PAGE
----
I am writing in hope that someone out there could perhaps derive from all my little stories that it is okay to be honest, imperfect, vulnerable and yet have a good shot at the game of life. If I want to be the change I want to see in this world, then writing here is the start. I want to be blunt, I would like to bare my soul, I would like to admit all my fears and insecurities. I want to be as authentic as possible because I truly believe the world will be a much better place if less people are afraid to be who they are. But I cannot be a hypocrite and say that is the world I want to live in, and yet only write about the good things in my life.

You see, that is precisely what I am against. I am against the glossy magazine covers of seemingly perfect people, or the glorification of wins. Winning is not pretty at all, but we like to cover up all the pain and sacrifices. Not many people talk about the loneliness, the burnouts, or the relationships destroyed. Or the self-doubt that plague our consciousness, no matter how many wins one can have. Being unable to talk about our flaws and weaknesses is contributing to a society rewarding superficial successes. It perpetuates a vicious cycle of people being unable to express themselves which leads to too many painful repercussions.

I cannot guarantee that there is anything to derive from my posts, or that my writing would be coherent, neither can I promise quality or substance, but I can assure you that I will always try my best to bare my soul in my writing, if that counts for something. I hope to always have the courage to be able to share my journey here with you and to be able to reconcile the tradeoffs I have to make in order to write this way.

With every post I manage to publish, I feel as if I am edging a little closer to being more comfortable in my own skin, slowly but surely. With every word I write, I am honoring my intentions by letting them move freely in cyberspace.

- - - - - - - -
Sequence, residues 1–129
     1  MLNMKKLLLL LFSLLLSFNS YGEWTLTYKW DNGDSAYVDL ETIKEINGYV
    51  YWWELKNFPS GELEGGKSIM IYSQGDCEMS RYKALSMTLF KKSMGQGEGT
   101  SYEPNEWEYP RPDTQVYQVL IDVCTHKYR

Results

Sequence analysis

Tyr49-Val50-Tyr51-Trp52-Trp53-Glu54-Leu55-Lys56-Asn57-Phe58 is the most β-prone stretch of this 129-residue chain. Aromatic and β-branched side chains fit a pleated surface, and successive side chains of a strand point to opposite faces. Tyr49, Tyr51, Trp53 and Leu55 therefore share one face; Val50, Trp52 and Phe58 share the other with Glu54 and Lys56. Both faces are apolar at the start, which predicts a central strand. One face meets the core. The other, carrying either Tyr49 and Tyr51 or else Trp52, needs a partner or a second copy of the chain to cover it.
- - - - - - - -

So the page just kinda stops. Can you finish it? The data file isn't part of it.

5 thoughts on “Why I write”

  1. Kris lim li says:

    Hey u.. This is the first time im reading your blog n as fragmented as it is its good release your thoughts n be free.
    It only takes 1 person to relate to u and you’ve succeded in blogging your thoughts, points, philosophy etc etc across.
    Just wana say keep on writing n expressing yourself. Its great to know i have such a friend 🙂

  2. Tessa Doevenspeck says:

    I am one of those that read every piece that you write, but rarely comment 🙂 perhaps I should so that you feel a little less lonely when you write. People write for different reasons, some to purge themselves, others to help others along their path, some to pass on their knowledge and other still as a catharsis. Ultimately I think we all write for selfish reasons. and that’s ok.

  3. Michelle Lara Lin says:

    You are officially my new favorite person Winnie! I love reading your writing.

    Once in a while I go into paralysis, because blogging has become such a act of personal branding, that I can’t help but feel like I do not want my professional peers to think less of me because I write less-than-flattering stuff about myself.

    Completely relatable…

  4. Shad Romero says:

    Hi Winnie,

    I came across your blog from a mentioned at And I must say that when I came across your blog I thought to myself “Here we go. Another blog about design mumbo jumbo”. But after reading through your post, I’ve found your writing to be so touching and personal. Reading is not one my starting points in learning because I am more of visual person plus I like to think I have an occasional case of ADHD sometimes (not diagnosed though) 😛 But your blog is so amazingly different that I just couldn’t stop reading. Keep up the amazing work and I will be checking in for future updates.

    Your newest subscriber,

  5. Eliot Peper says:

    Couldn’t agree more. Thanks so much for sharing. Writing is about intimacy, not facades.